On the late-morning edition of “SportsCenter,” anchor Sage Steele takes to Twitter and writes, “Hey @TimTebow fans – tune into @SportsCenter right now.” Viewers would witness video of Tebow at Jets training camp – but not just any video of Tebow at Jets training camp: video of Tebow running shirtless in the rain at Jets training camp.
Granted, there were photos being distributed on Twitter earlier in the 11 AM ET hour, but Steele really played the fiddle on this one. Then, about an hour later, she tweets this: “Wow! Guess my little Tebow experiment worked… Mention his name and watch the reaction pour in! [Thanks] for playing! :)”
So ESPN is upping the ante in their off-premium-cable production of “Hard Knocks” by resorting to “experiments”. Lovely. The network realizes, though, that sometimes, experiments backfire.
Meanwhile, NFL Network paid little attention to Tebow’s running the Gene Kelly wildcat formation in Cortland. On Saturday’s edition of “Total Access” (weekend editions of the program are live during the training camp period; otherwise, they’re pre-recorded), not only did they run footage of Tebow’s rain run halfway through the show, leading off the C-block, but it was part of a Jets segment that lasted just one minute. This a day after a Friday edition of “Total Access” that spent nearly half the program discussing the Jets – but that likely had to do with the fact that Scott Hanson was broadcasting live from Jets training camp – and it’s one of 28 training camp trips that he plans to make this summer.
Sunday morning. Nearly 24 hours after their little Tebow “experiment,” ESPN and their resident Doogie Howser doppelganger David Lloyd precede a live report from Jets camp on “SportsCenter” with another run of video of Tebow running in the rain without a shirt.
And ESPN played this up, with an item on the “SportsCenter” rundown bar reading, “Tebow In The Rain.”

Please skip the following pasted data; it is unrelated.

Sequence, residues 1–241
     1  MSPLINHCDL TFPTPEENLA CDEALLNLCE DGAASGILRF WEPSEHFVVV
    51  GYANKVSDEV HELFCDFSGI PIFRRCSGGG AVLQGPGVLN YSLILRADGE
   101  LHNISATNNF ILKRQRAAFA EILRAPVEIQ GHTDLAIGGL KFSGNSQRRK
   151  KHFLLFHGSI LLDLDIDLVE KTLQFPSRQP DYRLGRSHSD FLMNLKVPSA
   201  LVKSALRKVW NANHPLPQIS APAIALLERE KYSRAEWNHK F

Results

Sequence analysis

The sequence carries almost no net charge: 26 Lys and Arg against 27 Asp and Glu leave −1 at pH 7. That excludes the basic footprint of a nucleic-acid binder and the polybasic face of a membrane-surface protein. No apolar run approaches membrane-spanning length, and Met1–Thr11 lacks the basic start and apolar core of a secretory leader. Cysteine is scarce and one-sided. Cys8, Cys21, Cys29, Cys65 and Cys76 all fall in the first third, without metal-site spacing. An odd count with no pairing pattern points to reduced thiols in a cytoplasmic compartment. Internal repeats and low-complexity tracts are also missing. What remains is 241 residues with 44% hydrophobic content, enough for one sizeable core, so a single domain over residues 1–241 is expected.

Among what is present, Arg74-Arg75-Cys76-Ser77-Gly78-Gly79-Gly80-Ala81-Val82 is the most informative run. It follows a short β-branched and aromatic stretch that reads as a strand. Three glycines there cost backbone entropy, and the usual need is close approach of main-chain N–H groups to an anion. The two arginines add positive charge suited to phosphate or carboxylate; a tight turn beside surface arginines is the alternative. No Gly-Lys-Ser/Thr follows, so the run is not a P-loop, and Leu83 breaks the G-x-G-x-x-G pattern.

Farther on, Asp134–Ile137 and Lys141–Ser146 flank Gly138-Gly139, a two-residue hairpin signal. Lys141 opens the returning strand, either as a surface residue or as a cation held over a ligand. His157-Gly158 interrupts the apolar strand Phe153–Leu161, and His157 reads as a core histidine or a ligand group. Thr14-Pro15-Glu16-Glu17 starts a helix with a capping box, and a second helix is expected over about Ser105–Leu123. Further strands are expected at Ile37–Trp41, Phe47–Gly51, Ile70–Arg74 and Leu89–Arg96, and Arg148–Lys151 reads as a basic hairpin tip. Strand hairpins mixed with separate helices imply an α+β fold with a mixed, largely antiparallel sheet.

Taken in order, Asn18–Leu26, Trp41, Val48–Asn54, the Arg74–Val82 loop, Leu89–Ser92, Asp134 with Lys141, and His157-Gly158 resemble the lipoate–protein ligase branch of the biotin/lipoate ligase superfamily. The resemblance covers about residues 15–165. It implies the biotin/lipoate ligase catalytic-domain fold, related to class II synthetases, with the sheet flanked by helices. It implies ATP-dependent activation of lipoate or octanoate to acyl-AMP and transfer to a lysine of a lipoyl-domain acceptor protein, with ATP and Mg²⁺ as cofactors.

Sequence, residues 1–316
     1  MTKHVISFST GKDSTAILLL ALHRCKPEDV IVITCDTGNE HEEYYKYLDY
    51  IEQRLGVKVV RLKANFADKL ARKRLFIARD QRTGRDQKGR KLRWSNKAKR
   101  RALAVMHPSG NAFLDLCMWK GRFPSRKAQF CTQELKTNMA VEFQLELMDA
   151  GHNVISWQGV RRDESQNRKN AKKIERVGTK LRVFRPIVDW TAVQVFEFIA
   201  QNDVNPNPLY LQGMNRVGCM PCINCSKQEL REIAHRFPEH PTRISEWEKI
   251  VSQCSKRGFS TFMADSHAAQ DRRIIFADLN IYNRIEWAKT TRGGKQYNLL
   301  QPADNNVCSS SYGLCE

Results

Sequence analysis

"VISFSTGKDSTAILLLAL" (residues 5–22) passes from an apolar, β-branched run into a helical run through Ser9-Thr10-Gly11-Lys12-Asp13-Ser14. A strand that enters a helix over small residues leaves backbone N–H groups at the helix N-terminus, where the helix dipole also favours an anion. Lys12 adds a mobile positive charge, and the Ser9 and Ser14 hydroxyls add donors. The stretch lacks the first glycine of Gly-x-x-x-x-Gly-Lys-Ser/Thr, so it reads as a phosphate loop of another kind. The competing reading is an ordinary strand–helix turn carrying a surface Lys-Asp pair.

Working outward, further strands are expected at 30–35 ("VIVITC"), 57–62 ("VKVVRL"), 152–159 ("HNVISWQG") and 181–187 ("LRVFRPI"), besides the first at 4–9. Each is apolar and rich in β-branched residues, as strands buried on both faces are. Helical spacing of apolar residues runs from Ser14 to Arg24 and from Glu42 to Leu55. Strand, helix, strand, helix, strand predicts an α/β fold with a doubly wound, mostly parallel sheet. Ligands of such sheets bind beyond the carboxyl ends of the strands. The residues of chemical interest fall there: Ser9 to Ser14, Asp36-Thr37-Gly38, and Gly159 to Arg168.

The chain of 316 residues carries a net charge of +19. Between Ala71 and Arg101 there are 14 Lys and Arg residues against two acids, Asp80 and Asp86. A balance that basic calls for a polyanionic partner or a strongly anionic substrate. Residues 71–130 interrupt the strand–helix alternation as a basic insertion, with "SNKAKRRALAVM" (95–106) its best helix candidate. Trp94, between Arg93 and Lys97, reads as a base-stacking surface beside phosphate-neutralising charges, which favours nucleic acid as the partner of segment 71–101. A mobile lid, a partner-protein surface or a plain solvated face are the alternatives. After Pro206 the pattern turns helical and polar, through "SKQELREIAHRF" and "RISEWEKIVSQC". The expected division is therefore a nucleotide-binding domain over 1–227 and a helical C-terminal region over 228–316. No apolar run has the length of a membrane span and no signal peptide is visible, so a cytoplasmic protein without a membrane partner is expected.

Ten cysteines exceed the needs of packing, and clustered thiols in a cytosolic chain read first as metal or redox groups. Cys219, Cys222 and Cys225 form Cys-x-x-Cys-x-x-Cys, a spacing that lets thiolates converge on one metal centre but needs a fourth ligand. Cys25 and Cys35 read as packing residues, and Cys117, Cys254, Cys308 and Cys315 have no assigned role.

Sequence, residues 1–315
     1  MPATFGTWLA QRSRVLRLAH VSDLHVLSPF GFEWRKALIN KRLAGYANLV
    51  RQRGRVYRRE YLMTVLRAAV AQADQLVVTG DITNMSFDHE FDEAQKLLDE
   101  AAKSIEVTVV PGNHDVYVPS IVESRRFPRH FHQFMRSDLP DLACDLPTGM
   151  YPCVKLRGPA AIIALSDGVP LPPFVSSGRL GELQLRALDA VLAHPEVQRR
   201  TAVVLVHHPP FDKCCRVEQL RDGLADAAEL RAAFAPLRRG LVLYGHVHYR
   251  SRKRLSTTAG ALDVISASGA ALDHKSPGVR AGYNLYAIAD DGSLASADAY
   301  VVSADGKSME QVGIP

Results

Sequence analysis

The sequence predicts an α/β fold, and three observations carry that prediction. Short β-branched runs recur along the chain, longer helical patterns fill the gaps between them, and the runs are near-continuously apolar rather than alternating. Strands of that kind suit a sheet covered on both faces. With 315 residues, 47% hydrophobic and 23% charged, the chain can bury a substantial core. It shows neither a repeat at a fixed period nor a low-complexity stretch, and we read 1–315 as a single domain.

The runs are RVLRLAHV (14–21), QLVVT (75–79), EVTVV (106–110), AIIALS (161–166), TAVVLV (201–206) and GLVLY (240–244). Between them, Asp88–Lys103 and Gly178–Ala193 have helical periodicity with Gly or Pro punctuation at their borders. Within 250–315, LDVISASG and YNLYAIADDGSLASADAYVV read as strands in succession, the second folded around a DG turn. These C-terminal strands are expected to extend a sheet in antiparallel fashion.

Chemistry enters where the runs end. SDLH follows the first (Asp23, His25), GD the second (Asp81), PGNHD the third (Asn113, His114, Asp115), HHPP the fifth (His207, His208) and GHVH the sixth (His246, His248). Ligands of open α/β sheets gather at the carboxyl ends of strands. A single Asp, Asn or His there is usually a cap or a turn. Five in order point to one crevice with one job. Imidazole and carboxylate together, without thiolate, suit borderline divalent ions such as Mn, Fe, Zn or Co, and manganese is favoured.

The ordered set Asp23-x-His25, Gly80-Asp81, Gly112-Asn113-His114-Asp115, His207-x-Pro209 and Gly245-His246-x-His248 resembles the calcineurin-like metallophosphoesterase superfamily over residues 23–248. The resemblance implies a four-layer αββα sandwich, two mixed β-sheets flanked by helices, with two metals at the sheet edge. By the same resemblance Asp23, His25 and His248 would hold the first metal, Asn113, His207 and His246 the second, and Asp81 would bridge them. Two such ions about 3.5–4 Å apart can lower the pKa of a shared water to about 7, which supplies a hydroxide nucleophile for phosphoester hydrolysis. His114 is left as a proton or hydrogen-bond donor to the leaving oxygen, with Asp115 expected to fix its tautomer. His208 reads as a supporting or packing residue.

“Tim Tebow knows how to fuel the ‘mania,” Lloyd narrates. “Tebow jogging off the practice field alone, shirtless, in the rain yesterday. Not sure why he was alone, shirtless and in the rain, but it’s hard not to notice the whole 251 pounds, the most he’s ever weighed in camp.”
Lloyd then throws it to Sal Paolantonio in Cortland with one request.
“Sal, you’re gonna have to top Tebow shirtless in the rain.”
And all throughout the afternoon, as new live editions of “SportsCenter” run on sister network ESPNews, as ESPN starts their leg of NASCAR Sprint Cup coverage for the year, there are reports of the Worldwide Leader running even more day-old clips of a shirtless, sprinting Tim Tebow – just as they’ve been doing all weekend long – reportedly in slow motion, too.
The “experiment” must be working wonders for them.
Give me a break.
I wonder what ESPN has up its sleeve as Jets training camp rolls on. Will they isolate a clip of Mark Sanchez uttering a profanity during a workout, and append that to footage of Tim Tebow having a spectacular drill? Will they take a positive Tebow quip from an otherwise negative Tebow criticism out of context, and spin that into an artificial quarterback controversy?
And what experiment, if any, does Chris Berman have up his sleeve?
Sit back, because ESPN’s edition of “Hard Knocks” is just getting warmed up.
Paraphrasing one of their own anchors gushing over footage of Tim Tebow running in the rain, ESPN sure knows how to fuel Tebowmania.